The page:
whilst doing that investigation, the 21 August attacks took place and so the UN also began) visiting the locations round Damascus where chemical weapon attacks are alleged to have taken place on 21 August.Correspondents say it is hard to believe that the Syrian government, which has recently been retaking ground from the rebels, would carry out a chemical weapons attack with the inspectors in the country” http://www.bbc.co.uk/news/world-middle-east-23788674?goback=%2Egmr_3927167%2Egde_3927167_member_271489128#%21 …. (so it was either an insider Generals coup attempt to get US involved and be there to bring Assad down or the rebels did it for the same reason or Assad is mad). The consensus is that it is likely that it was a government operation. However the earlier March/April CW attacks may well have been by the rebels. If that were true what would/should do about that? Carla Del Ponte, prominent member of the UN Independent International Commission of Inquiry on Syria said in relation to the March/April 2013 use of sarin gas said that the first use of chemical weapons in Syria that the Commission investigated, appeared to have been by the rebels..Carla Del Ponte is a well-respected lawyer and was a former Swiss Attorney General, prosecutor for the International Criminal Tribunal for the former Yugoslavia (ICTY) and the International Criminal Tribunal for Rwanda (ICTR). She would not make such statements lightly. It certainly casts reasonable doubt on US claims that only Assad’s regime has access to and used chemical weapons…http://moderndiplomacy.eu/index.php?option=com_k2&view=item&id=260:human-rights-abuses-in-syria-including-cw&Itemid=482#!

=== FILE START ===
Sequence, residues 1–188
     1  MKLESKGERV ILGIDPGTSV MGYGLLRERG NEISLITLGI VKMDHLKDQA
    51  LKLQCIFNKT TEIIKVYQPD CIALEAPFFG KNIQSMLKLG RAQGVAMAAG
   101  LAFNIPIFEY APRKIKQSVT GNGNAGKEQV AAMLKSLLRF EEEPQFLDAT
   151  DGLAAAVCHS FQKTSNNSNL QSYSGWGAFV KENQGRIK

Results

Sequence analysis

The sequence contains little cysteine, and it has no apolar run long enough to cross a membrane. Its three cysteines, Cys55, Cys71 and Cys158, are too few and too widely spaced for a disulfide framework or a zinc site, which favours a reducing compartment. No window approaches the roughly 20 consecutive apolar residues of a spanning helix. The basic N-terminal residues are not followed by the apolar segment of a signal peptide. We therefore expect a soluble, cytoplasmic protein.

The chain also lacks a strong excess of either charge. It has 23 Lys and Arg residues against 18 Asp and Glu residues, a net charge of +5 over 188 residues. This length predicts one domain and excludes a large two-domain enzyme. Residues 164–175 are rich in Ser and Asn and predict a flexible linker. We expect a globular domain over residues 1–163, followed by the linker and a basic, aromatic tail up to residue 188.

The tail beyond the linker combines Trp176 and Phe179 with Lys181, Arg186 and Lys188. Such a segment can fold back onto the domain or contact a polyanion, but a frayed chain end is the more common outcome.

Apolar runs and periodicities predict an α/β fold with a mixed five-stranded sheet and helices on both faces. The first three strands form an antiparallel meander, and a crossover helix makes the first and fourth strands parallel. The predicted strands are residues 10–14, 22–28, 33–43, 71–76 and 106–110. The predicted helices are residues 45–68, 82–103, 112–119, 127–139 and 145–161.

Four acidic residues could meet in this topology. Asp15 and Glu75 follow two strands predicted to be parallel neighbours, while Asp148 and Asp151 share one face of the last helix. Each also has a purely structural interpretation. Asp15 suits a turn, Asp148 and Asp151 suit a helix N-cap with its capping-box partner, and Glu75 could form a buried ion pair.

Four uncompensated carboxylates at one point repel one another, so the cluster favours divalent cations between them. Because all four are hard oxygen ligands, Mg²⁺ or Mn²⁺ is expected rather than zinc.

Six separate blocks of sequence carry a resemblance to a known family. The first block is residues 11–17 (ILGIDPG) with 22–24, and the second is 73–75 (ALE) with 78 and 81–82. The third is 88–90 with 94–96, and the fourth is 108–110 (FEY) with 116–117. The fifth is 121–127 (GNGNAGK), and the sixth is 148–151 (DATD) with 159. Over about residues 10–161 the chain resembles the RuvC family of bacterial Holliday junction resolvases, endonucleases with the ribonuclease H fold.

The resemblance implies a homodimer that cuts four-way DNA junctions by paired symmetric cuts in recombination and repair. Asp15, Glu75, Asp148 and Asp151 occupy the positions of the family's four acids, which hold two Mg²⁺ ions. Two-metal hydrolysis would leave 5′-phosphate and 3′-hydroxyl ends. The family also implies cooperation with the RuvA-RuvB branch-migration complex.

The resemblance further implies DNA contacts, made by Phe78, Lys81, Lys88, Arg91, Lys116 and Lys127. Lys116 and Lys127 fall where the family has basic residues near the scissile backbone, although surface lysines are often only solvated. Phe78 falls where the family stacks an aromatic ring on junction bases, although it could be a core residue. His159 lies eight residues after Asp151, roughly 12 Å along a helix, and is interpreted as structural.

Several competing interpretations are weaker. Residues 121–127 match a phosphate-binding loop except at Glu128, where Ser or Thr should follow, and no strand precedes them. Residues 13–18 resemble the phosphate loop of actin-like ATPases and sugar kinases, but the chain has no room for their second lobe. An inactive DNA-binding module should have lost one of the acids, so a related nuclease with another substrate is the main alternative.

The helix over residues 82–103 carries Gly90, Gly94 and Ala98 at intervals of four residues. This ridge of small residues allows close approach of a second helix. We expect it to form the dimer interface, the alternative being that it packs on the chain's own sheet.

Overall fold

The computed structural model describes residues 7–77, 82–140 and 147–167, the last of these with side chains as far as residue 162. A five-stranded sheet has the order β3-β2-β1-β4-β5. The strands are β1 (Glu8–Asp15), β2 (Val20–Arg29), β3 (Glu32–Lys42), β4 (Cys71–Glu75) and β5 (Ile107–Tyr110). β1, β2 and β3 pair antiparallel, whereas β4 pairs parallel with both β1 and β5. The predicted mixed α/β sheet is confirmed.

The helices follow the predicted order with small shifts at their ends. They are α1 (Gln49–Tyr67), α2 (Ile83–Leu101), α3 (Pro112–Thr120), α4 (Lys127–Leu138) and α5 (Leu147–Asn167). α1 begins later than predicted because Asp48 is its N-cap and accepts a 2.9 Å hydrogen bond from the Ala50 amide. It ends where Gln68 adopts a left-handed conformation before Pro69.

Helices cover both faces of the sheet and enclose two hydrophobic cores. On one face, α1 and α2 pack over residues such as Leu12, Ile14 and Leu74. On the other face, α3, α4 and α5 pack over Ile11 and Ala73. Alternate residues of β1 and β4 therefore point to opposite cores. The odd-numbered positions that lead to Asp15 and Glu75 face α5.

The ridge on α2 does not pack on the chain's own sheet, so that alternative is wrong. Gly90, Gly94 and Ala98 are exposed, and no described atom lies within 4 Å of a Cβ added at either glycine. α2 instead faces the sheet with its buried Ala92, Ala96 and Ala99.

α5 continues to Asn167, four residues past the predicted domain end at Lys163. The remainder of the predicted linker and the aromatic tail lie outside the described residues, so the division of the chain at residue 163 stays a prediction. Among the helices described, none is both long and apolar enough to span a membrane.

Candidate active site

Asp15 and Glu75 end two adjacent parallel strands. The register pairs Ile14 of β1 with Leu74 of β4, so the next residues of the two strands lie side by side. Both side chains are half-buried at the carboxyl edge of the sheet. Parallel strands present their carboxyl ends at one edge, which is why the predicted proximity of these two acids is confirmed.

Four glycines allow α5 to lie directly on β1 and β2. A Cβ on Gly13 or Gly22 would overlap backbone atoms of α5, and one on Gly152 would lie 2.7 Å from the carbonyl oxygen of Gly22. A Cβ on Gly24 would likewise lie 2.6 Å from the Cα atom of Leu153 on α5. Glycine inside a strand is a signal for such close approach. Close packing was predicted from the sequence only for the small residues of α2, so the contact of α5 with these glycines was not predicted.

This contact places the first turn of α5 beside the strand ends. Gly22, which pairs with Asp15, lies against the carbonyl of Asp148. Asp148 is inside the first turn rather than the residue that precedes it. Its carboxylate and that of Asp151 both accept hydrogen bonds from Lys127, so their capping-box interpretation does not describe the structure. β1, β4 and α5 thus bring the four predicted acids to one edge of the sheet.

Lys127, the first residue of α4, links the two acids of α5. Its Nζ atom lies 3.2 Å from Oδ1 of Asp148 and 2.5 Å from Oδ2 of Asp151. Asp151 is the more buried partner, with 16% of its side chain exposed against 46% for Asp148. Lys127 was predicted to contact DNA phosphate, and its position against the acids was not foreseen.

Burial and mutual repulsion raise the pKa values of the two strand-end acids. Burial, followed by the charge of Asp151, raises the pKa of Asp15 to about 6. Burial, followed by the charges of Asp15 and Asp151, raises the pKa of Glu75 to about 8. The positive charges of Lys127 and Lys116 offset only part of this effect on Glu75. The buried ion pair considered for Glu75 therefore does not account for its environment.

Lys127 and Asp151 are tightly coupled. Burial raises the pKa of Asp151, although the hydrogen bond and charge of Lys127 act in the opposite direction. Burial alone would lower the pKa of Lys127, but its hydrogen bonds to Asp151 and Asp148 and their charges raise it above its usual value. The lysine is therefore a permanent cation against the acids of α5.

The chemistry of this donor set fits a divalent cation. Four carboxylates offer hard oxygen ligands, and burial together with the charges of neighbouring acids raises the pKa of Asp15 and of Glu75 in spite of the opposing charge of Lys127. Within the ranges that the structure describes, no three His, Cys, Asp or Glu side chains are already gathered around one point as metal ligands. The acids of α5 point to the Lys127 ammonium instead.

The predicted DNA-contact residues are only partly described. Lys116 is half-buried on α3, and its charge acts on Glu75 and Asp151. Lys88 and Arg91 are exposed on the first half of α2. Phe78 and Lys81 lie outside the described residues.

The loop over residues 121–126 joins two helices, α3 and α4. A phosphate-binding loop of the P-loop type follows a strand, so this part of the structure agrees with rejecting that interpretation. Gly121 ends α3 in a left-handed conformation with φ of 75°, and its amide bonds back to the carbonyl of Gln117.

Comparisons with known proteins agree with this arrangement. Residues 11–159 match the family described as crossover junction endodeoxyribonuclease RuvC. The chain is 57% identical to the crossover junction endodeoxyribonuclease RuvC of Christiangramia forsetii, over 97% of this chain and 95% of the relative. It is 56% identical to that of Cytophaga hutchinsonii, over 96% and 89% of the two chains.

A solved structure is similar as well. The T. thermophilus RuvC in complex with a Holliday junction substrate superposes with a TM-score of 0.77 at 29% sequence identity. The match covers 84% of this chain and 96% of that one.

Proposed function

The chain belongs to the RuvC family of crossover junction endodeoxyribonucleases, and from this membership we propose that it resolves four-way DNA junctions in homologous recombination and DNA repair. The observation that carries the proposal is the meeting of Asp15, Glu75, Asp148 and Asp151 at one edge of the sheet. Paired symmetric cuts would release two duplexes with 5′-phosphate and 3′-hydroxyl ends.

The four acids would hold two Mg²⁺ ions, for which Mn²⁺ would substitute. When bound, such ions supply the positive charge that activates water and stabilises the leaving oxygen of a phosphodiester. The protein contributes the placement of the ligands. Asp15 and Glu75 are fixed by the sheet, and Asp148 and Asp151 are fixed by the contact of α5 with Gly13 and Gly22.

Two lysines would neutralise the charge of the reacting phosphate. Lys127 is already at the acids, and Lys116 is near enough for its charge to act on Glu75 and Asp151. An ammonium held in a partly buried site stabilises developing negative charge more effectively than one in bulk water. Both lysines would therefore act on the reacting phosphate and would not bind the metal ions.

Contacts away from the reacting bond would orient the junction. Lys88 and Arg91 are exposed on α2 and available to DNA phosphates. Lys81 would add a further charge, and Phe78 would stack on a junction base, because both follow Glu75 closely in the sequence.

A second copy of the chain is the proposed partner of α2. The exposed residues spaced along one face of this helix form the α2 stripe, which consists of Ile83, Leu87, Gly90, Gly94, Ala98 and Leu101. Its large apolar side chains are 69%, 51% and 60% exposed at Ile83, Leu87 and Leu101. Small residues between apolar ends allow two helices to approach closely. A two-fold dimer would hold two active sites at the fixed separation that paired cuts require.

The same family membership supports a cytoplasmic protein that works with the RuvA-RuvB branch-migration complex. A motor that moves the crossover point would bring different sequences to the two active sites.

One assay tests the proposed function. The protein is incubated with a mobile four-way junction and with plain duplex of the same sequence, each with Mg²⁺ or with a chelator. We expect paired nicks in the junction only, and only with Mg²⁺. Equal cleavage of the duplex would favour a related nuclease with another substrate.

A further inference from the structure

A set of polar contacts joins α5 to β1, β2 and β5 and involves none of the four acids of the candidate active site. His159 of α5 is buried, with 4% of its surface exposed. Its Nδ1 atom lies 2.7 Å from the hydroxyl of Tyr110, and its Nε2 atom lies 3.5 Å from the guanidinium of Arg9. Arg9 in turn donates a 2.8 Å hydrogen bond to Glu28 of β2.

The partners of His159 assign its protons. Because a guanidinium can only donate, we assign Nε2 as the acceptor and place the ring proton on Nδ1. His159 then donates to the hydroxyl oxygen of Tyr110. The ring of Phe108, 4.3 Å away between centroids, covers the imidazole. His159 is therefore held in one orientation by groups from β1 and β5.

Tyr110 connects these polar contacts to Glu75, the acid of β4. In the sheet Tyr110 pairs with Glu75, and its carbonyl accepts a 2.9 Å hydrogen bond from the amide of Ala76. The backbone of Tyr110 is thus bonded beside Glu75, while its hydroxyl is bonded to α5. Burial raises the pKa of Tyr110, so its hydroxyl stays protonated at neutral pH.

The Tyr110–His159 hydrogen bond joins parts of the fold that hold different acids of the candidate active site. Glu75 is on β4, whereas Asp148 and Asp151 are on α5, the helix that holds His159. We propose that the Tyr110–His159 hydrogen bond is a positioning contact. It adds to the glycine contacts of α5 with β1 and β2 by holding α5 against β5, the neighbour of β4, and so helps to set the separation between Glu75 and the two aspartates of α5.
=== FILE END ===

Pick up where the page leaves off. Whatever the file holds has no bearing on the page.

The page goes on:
so if the US is going to play ‘John Wayne’ (as arguably it should given the horrific nature of attacks on civilians CW or otherwise that amount to war crimes and crimes against humanity) about red lines it should also hit the ‘black flags of the Jihadist extremists (with whom we are at war anyway and who have also committed war crimes and crimes against humanity) …..but the US is not thinking strategically and say it is PURELY about preventing/deterring Assad (or anyone else) from using chemical weapons.”…THAT IS THE BIG PROBLEM. As the British Parliament debate clearly showed, ( http://www.youtube.com/watch?v=mmBk-Hqo14I#! ) the major concern of most people is what will happen if the strikes so weaken Assad that the black flag dominated FSA get hold of more and more CW of which there are over 1,000 tonnes scattered all over Syria in over 50 locations (most, if not all of which will be left intact by the US for fear of spreading contagion). See Dr Lewis MP’s videos that show why the Brits voted against air strikes. As for the rebels having had some access to CW and using it in March and April this year, The UN has already said that they have….Certainly, as the Jihadi’s are peppered throughout the FSA as well as in their own battalions, it is highly likely that as Assad crumbles, one or more of the 50 CW ammo dumps will fall into the hands of extremists. A recent congressional report says 75,000 troops would be needed to safeguard the WMD caches. If the US has already ‘tied its hands’ with a promise that there would be ‘no boots on the ground’. When that happens watch out on your next commute on the subway.